Tourists trapped by New Caledonia unrest feel ‘abandoned’ by NZ

Poindimié resident Jeanne Pourouda talks to a Caledonia NC television reporter
Poindimié resident Jeanne Pourouda talks to a Caledonia NC television reporter at a CCAT pro-independence protest barricade. Image: Caledonia NC

By Lauren Crimp , RNZ News reporter

New Zealanders stuck among riots and civil unrest in New Caledonia’s capital say they feel abandoned by their own country, having received little help from the government.

Nouméa descended into chaos on Monday, with clashes between indigenous Kanak pro-independence protesters and French security forces.

They were sparked by anger at a proposed new law that would allow French residents who have lived there for more than 10 years to vote — which critics say will weaken the Kanak vote.

Since then, five people have died, including two police officers, and hundreds have been injured in the French Pacific territory.

Late on Friday there were reports of clashes between police and rioters around a domestic airport near Nouméa, as New Caledonia’s capital entered its fourth night under curfew.

Local media reported rioters on the airfield at Magenta airport threw hammers and stones at police, and police responded with tear gas and stun grenades.

Police warned the military was authorised to use lethal weapons if they could not contain the situation otherwise. A local told RNZ Pacific the Kanaks were not going to back down, and things could get “nasty” in the coming days if the army could not contain the crisis.

New Zealanders feeling marooned
Four friends from North Canterbury landed in Nouméa on Monday as part of a “lifetime dream” trip.

Shula and Wolf Guse, and Sarah and William Hughes-Games, were celebrating Shula’s birthday and Sarah and William’s 40th wedding anniversary.

But fresh off their flight, it became clear their celebrations would not be going ahead.

“As we left the airport, there were blocks just everywhere . . . burning tyres, and people stopping us, and lots of big rocks on the road, and branches, and people shouting, waving flags,” Shula Guse said.

They wanted to get out of there, but had barely heard a peep from New Zealand government organisation SafeTravel, Sarah Hughes-Games said.

“All they’ve done is send us a . . .  general letter, nothing specific,” she said.

“We’ve contacted the New Zealand Consulate here in Nouméa, and they are closed. This is the one time they should be open and helping people.”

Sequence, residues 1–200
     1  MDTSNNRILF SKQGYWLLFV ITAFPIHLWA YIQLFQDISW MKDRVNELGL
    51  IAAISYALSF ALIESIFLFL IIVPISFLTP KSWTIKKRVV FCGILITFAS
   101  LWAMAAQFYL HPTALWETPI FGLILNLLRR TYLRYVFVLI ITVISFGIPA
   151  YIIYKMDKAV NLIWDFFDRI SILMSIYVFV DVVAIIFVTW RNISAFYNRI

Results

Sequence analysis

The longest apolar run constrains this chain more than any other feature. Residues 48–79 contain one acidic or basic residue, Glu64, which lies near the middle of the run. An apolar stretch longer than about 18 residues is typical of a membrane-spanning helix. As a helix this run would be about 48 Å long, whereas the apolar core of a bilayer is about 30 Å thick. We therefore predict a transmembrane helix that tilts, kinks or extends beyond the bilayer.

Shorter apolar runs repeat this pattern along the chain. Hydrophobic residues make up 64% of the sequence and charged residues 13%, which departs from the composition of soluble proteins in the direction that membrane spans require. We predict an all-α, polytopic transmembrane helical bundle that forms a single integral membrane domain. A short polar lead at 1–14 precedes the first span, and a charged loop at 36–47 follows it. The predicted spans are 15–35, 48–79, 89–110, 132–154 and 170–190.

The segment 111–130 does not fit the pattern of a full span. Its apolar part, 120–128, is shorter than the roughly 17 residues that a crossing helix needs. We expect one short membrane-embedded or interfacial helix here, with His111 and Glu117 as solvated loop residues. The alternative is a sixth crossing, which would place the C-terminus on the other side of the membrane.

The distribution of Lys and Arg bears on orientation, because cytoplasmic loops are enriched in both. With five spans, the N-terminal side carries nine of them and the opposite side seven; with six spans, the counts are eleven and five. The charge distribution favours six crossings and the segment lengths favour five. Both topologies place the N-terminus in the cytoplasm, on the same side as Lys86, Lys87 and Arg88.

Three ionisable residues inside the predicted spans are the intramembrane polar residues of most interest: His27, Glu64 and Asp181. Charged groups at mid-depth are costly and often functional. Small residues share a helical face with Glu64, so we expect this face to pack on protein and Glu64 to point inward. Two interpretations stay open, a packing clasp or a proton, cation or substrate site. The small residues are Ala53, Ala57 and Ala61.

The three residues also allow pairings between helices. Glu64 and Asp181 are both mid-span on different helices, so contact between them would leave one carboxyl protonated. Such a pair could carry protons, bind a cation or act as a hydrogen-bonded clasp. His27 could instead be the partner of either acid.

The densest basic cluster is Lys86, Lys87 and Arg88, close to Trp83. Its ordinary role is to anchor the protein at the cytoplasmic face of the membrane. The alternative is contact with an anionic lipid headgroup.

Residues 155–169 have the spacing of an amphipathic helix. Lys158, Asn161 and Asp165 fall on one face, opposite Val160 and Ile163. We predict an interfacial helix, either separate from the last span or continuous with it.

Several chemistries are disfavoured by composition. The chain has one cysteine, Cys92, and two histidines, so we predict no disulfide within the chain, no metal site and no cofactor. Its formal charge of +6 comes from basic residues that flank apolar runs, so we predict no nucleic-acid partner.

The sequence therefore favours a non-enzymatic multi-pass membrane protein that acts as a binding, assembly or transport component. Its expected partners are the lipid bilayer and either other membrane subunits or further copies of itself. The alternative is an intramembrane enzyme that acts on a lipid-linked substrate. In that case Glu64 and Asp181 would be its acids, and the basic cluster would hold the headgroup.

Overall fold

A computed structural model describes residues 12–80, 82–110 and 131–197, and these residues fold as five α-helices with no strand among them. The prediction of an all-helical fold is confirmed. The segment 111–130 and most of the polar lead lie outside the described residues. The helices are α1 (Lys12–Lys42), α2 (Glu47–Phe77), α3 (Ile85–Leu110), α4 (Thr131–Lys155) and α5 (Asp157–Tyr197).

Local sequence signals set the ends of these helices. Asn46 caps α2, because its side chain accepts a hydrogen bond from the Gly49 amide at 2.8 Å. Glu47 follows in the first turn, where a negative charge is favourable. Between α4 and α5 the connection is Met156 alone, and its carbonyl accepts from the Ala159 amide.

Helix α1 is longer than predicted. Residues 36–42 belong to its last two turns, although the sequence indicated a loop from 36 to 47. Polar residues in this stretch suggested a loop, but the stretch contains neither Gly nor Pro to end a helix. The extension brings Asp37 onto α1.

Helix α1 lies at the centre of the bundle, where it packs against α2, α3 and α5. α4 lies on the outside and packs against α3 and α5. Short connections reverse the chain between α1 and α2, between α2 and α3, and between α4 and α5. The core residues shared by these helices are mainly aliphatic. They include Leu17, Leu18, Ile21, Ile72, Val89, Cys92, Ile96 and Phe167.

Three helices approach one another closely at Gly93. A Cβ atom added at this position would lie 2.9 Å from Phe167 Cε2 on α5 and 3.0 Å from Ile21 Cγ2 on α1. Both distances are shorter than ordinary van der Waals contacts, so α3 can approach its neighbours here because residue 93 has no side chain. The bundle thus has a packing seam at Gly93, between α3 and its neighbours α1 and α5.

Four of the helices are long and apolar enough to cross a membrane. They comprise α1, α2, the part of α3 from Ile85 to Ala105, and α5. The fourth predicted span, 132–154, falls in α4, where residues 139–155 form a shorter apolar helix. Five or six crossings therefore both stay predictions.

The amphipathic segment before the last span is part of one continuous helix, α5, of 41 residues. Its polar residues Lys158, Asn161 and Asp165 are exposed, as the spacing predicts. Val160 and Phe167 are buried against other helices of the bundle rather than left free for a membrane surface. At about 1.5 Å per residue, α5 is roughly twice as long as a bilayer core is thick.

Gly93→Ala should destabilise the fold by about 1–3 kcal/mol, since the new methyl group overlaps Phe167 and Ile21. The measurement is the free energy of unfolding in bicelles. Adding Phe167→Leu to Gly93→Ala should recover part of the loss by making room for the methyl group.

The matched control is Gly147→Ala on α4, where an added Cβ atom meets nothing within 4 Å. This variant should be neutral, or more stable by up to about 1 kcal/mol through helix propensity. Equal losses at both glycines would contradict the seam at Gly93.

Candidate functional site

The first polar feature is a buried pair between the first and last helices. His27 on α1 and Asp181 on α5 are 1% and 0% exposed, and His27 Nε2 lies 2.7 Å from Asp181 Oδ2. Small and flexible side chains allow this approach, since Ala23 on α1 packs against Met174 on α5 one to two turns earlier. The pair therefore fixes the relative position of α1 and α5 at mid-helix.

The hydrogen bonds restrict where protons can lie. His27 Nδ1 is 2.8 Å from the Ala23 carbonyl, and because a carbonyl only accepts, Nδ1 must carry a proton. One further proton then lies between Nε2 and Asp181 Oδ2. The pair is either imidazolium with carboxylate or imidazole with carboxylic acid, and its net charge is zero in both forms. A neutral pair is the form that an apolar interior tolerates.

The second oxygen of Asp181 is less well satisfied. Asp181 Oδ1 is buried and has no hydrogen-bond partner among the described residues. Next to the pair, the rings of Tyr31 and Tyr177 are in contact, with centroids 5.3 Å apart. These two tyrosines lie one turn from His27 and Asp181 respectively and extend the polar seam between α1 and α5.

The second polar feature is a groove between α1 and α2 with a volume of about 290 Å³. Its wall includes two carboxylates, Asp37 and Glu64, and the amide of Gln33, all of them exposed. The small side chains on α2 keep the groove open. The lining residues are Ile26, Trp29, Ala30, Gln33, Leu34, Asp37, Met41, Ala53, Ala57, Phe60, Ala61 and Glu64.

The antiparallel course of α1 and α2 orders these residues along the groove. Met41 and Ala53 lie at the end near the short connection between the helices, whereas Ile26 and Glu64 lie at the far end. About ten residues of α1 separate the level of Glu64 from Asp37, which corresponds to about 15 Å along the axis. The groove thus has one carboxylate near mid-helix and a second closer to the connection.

It was not good enough, she said.

“We’ve basically been just abandoned here, so we’re just feeling a little bit fed up about the situation, that we’ve just been left alone, and nobody has contacted us.”

It was unclear when they would be able to leave.

Another looted supermarket in Nouméa’s Kenu-In neighbourhood.
A looted supermarket in Nouméa’s Kenu-In neighbourhood. Image: NC la 1ère TV/RNZ

Struggling to find food
Meanwhile, another person told RNZ they had family stuck in Nouméa who had registered on SafeTravel, but had heard nothing more from the government. They were struggling to find food and were feeling uneasy, they said.

“They don’t know where to go now and there seems to be no help from anywhere.”

Air New Zealand confirmed it was forced to cancel its upcoming flights between Nouméa and Auckland on Saturday and Monday, with the airport in Nouméa closed until at least Tuesday.

“Even when the airport does reopen, Air New Zealand will only operate into Nouméa when we can be assured that the airport is safe and secure, and that there is a safe route for our ground staff and customers to reach the airport,” it said.

MFAT in ‘regular contact’ with impacted New Zealanders
The Ministry of Foreign Affairs and Trade said it had activated its emergency crisis system, and consular officials in Nouméa were in regular contact with impacted New Zealanders, New Caledonia authorities, and “international partners”.

The Consulate-General was open, but staff were working remotely because it was hard to get around, it said. Those who needed immediate consular assistance should contact the 24/7 Consular Emergency line on +64 99 20 20 20.

“An in-person meeting was held for a large group of New Zealanders in Nouméa yesterday [Thursday, 16 May 16] and further meetings are taking place today,” a spokesperson said.

“Consular officials are also proactively attempting to contact registered New Zealanders in New Caledonia to check on their situations, and any specific health or welfare concerns.

“Regular SafeTravel messages are also being sent to New Zealanders — we urge New Zealanders to register on SafeTravel to receive direct messages from consular officials.”

The ministry was also speaking regularly with New Caledonian authorities about airport operations and access, and access to critical supplies like food and medicine.

“New Zealanders in New Caledonia should stay in place and avoid all protests, monitor local media for developments, and comply with any instructions and restrictions issued by local authorities.”

There are currently 219 New Zealanders registered on SafeTravel as being in New Caledonia.

Meanwhile, Foreign Affairs Minister Winston Peters told RNZ Morning Report the government was doing all it could to get New Zealanders home.

That could include using the Air Force, he said.

The Defence Force confirmed there had been discussions with officials.

This article is republished under a community partnership agreement with RNZ.

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